By Dustin Marlan
The “latest frontier” in drug law reform is the loosening of legal restrictions on psychedelics, such as psilocybin, ayahuasca, and ibogaine. But not all drug reform advocates are thrilled about this development.
Some are concerned that singling out psychedelics for legalization or decriminalization perpetuates the stigma surrounding other illegal drugs. Most prominently, Dr. Carl L. Hart, professor of neuroscience and psychology at Columbia University argues that all drugs “interact on receptors in the brain to produce their effects… we shouldn’t be treating some drugs as if they’re special while others are somehow evil.”
“Psychedelic exceptionalism” describes an ideology that claims psychedelics should be privileged for reform, but other purportedly more harmful drugs, like heroin and cocaine, should remain prohibited. As journalist Madison Margolin frames the question, “Should psychedelics be treated so differently from other drugs, given that any substance may have the power to soothe or scorch the human psyche, and body too?”
On one hand, treating all substances the same way is overly reductionist.
While drugs are all chemical agents from a neuroscientific point of view, different classes of drugs have vastly differing physical and subjective effects and risks of harm and dependence. And psychedelics, such as psilocybin, are perhaps singular in their relative safety and potential as therapeutic medicines for public health problems that have reached crisis proportions. According to one study, psilocybin ranked as the least addictive and dangerous substance out of twenty examined. Moreover, treating all drugs as unitary — i.e., lumped together into a single Controlled Substances Act — is how we got into the mess that is federal drug prohibition in the first place.
On the other hand, concerns about neglecting reform of non-psychedelic substances are warranted.
Focusing on psychedelics alone will not end the racist, ineffective, and draconian War on Drugs. In contrast to other controlled substances, arrests linked to psychedelics have been relatively infrequent and generally have not targeted people of color. Yet, over 1.5 million Americans are arrested for drug-related violations each year, often in connection with over-aggressive policing and racial profiling. Black Americans constitute only 15% of drug users in the U.S., but account for 37% of those arrested for drug violations. Nearly 80% of individuals in federal prison for drug-related offenses are either Black or Latinx.
But rather than perpetuating the stigma of other drugs, as some fear, psychedelic-focused state reforms appear to be shifting the Overton Window in terms of what is politically acceptable to the mainstream in terms of broader drug reform policies. Consequently, psychedelic drug reform is not occurring at the expense of other drug reforms. Instead, it paves the way for larger reforms, hopefully culminating in overdue changes to federal drug policy.
Recent examples in Oregon, Washington, DC, and Cambridge, MA, illustrate this phenomenon.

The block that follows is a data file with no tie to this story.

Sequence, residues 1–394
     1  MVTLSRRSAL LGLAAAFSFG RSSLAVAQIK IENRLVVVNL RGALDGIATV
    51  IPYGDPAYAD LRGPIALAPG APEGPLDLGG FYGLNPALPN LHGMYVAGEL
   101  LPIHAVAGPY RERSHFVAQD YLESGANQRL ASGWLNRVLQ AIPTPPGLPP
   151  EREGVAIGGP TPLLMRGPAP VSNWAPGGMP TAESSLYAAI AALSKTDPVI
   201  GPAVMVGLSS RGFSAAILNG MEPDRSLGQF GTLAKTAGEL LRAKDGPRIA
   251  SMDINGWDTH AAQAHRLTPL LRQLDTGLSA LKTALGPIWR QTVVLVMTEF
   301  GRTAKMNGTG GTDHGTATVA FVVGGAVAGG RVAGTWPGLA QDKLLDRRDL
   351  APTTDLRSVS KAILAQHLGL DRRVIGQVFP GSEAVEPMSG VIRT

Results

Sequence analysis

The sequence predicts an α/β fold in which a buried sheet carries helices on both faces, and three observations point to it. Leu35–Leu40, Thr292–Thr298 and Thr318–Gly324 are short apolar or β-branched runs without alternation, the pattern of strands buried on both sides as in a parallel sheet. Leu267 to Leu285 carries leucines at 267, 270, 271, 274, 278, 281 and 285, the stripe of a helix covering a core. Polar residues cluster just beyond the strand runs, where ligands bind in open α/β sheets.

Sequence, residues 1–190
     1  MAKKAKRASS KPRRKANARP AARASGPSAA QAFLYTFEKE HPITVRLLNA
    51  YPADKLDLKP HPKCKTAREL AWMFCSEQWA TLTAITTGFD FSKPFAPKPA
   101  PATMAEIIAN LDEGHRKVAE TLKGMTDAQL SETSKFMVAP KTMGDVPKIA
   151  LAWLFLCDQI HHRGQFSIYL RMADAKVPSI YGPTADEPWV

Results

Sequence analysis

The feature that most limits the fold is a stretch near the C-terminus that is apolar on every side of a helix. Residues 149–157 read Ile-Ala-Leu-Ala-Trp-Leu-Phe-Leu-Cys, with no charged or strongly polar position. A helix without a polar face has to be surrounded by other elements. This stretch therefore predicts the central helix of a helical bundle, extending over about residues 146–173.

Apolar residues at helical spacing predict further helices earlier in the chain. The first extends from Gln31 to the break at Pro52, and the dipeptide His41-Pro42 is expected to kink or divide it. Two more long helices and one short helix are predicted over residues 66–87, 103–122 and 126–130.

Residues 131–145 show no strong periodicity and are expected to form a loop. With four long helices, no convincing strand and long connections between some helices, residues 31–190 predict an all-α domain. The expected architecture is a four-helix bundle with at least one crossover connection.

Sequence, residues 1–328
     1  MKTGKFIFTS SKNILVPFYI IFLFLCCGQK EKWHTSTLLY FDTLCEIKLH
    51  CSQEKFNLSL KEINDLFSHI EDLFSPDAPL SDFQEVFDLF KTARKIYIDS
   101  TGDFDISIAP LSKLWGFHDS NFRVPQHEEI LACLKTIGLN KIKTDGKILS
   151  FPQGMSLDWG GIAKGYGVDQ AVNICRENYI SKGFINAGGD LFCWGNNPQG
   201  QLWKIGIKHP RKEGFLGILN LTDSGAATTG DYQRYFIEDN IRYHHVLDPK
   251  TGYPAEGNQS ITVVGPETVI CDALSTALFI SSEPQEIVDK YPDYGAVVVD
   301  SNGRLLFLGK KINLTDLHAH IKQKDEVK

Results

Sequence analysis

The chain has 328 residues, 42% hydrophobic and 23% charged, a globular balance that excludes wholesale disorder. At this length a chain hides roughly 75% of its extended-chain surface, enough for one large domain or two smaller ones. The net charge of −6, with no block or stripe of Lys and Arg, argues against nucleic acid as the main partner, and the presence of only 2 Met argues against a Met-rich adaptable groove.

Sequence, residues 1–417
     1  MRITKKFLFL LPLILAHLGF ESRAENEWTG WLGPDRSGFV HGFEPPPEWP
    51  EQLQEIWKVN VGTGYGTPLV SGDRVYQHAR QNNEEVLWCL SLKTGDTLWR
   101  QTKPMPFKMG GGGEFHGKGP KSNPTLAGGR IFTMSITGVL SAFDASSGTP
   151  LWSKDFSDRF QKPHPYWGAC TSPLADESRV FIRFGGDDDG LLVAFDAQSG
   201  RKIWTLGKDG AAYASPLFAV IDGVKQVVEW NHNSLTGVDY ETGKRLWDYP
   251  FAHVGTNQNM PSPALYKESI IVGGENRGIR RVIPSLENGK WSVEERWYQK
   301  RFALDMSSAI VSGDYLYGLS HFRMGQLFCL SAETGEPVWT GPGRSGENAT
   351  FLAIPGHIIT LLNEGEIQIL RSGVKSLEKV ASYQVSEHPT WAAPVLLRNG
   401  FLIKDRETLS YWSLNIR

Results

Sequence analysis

- In November 2020, Oregon voters passed the Psilocybin Services Initiative, which creates a statewide system for production and distribution of psilocybin, and its administration under professional supervision. Oregon voters simultaneously passed the Drug Addiction Treatment and Recovery Act (DATRA). Similar to Portugal’s drug decriminalization policy, DATRA decriminalizes the use and possession of limited amounts of all controlled substances. DATRA is expected to lead to a 95% decline in racial disparities for drug arrests and other criminal justice measures such as pretrial detentions and police stops.
- Also in November 2020, Washington, DC voters approved a ballot initiative to decriminalize the use and possession of natural psychedelics. The following month, the D.C. Council unanimously passed a measure removing criminal penalties for possession of drug paraphernalia for personal use, and allowing community-based organizations to distribute harm reduction supplies — desperately needed to prevent overdose deaths and the spread of infectious diseases.
- In February 2021, psychedelic activists in Cambridge, MA proposed a resolution to decriminalize psychedelics to the City Council. The Cambridge City Council adopted the resolution. However, in recognizing the devastating effect that the War on Drugs has had on vulnerable populations, the City Council also directed the city prosecutor and police force to stop arresting and prosecuting people for possession of any controlled substances.
These examples illustrate the lack of a strict dichotomy between psychedelic drug reform and the decriminalization of all substances. Both are occurring simultaneously at state and local levels.
Viewed through this lens, the harm of psychedelic exceptionalism appears to be more myth than fact. The Biden administration would thus do well to consider a two-tiered approach: (1) legalizing cannabis and certain psychedelics, particularly psilocybin; and (2) at minimum, decriminalizing other substances while prioritizing harm reduction strategies to address the current overdose crisis.
With respect to psychedelics specifically, the Biden administration should reschedule Schedule I controlled substances showing medical promise — including psilocybin and MDMA (ecstasy) — to allow for further research and uniform regulation for medical and, as appropriate, adult use purposes. Similar to the Cole Memorandum regarding cannabis enforcement, the Biden administration should pledge not to interfere with state psychedelic therapy programs such as Oregon’s Psilocybin Services Initiative. And it should push the DEA to allow patients with life-threatening illnesses access to psilocybin under federal and state “right to try” laws, notwithstanding the substance’s Schedule I status.
Dustin Marlan is an Assistant Professor of Law at the University of Massachusetts School of Law.